Data_Sheet_1_Brief Interventions Influence the Quantity and Quality of Caregiver-Child Conversations in an Everyday Context.docx (1.42 MB)
Download file

Data_Sheet_1_Brief Interventions Influence the Quantity and Quality of Caregiver-Child Conversations in an Everyday Context.docx

Download (1.42 MB)
posted on 16.06.2021, 05:01 authored by Apoorva Shivaram, Yaritza Chavez, Erin Anderson, Autumn Fritz, Ryleigh Jackson, Louisa Edwards, Shelley Powers, Melissa Libertus, Susan Hespos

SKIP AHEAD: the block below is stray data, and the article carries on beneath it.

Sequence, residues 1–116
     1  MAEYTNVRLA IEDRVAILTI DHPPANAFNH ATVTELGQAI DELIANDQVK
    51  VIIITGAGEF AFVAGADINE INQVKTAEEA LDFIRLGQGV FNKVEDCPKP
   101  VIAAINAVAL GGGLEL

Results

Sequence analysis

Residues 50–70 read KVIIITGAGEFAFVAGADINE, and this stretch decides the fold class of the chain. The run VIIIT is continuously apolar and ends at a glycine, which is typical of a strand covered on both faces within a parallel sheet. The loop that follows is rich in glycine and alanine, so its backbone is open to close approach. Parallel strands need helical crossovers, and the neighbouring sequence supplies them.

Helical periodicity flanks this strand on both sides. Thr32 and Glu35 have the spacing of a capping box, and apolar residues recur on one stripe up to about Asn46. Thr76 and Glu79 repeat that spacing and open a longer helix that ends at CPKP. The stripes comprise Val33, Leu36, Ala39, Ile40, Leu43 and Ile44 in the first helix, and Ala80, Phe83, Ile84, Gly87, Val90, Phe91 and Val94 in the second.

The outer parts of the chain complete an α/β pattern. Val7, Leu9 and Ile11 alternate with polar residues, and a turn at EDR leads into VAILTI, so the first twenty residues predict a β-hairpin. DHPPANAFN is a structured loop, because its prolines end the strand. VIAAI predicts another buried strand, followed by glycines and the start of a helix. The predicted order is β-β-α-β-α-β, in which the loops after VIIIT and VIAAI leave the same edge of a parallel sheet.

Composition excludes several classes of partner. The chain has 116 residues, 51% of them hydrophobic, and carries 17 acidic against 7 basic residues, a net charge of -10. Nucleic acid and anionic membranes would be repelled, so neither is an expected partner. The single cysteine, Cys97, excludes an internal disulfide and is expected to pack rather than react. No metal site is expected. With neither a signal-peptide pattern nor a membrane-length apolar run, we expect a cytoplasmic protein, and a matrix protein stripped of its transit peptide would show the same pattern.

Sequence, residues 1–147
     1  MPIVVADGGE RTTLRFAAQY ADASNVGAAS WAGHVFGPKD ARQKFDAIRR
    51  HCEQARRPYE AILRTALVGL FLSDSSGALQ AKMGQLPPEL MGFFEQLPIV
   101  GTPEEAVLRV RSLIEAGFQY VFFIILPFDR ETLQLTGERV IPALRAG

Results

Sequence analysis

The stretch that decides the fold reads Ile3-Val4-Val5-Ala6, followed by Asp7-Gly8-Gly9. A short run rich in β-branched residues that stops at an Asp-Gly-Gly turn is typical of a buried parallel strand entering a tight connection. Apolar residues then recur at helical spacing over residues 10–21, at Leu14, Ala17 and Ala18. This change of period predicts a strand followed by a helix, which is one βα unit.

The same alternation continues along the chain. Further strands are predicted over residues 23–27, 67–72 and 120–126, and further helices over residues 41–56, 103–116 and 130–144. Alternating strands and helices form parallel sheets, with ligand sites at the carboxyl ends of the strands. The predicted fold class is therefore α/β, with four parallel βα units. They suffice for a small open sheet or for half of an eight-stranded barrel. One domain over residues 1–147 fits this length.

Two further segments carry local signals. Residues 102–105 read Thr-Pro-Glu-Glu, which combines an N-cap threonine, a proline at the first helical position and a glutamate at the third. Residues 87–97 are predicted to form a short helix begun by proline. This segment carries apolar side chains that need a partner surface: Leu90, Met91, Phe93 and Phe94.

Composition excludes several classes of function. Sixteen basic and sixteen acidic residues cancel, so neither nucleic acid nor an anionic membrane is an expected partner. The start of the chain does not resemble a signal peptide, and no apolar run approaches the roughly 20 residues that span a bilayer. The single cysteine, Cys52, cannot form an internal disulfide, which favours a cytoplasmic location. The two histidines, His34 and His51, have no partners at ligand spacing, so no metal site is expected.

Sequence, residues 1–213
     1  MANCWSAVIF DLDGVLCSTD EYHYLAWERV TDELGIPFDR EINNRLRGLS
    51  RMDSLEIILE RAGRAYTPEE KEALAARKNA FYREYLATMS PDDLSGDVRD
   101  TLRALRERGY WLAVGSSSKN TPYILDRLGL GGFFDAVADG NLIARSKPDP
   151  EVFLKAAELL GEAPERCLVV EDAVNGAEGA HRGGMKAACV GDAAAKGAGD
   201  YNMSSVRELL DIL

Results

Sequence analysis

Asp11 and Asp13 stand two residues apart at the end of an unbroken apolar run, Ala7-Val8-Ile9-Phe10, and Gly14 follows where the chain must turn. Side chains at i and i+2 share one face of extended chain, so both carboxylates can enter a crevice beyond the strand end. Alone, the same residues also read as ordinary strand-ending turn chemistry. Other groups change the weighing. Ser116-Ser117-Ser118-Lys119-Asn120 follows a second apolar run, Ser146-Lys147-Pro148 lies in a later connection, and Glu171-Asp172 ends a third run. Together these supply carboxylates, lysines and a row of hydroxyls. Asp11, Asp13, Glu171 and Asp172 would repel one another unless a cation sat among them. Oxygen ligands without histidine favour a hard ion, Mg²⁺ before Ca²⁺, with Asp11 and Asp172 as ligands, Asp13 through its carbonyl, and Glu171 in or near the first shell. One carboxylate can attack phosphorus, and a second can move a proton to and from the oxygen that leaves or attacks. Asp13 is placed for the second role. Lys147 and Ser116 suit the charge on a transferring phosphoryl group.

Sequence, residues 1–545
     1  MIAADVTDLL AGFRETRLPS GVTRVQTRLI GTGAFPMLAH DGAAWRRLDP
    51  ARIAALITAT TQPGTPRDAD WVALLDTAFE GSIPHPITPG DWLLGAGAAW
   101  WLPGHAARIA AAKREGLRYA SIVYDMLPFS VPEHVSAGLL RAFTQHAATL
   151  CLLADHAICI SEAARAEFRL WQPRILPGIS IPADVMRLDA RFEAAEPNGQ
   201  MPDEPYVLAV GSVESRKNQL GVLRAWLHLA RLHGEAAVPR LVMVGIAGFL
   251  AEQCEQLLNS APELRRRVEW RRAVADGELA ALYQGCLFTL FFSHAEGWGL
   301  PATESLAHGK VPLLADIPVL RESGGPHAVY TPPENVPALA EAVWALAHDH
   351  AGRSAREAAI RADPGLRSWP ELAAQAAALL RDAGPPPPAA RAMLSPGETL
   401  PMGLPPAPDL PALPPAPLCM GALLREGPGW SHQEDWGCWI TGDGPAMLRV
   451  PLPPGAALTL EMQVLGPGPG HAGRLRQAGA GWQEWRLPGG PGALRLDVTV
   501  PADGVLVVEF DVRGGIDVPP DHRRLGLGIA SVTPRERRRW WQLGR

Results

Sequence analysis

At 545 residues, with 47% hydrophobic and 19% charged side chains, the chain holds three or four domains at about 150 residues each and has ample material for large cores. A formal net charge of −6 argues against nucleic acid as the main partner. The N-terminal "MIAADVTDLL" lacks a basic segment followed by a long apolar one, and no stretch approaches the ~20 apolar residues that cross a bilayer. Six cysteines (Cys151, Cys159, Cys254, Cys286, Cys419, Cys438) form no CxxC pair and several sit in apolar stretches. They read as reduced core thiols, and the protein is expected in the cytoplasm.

Reading and arithmetic are difficult cognitive feats for children to master and youth from low-income communities are often less “school ready” in terms of letter and number recognition skills (Lee and Burkam, 2002). One way to prepare children for school is by encouraging caregivers to engage children in conversations about academically-relevant concepts by using numbers, recognizing shapes, and naming colors (Levine et al., 2010; Fisher et al., 2013). Previous research shows that caregiver-child conversations about these topics rarely take place in everyday contexts (Hassinger-Das et al., 2018), but interventions designed to encourage such conversations, like displaying signs in a grocery store, have resulted in significant increases in caregiver-child conversations (Ridge et al., 2015; Hanner et al., 2019). We investigated whether a similar brief intervention could change caregiver-child conversations in an everyday context. We observed 212 families in a volunteer-run facility where people who are food-insecure can select food from available donations. Volunteers greet all the clients as they pass through the aisles, offer food, and restock the shelves as needed. About 25% of the clients have children with them and our data consist of observations of the caregiver-child conversations with 2- to 10-year-old children. Half of the observation days consisted of a baseline condition in which the quantity and quality of caregiver-child conversation was observed as the client went through aisles where no signs were displayed, and volunteers merely greeted the clients. The other half of the observation days consisted of a brief intervention where signs were displayed (signs-up condition), where, volunteers greeted the clients and pointed out that there were signs displayed to entertain the children if they were interested. In addition, there was a within-subject manipulation for the intervention condition where each family interacted with two different categories of signs. Half of the signs had academically-relevant content and the other half had non-academically-relevant content. The results demonstrate that the brief intervention used in the signs-up condition increases the quantity of conversation between a caregiver and child. In addition, signs with academically-relevant content increases the quality of the conversation. These findings provide further evidence that brief interventions in an everyday context can change the caregiver-child conversation. Specifically, signs with academically-relevant content may promote school readiness.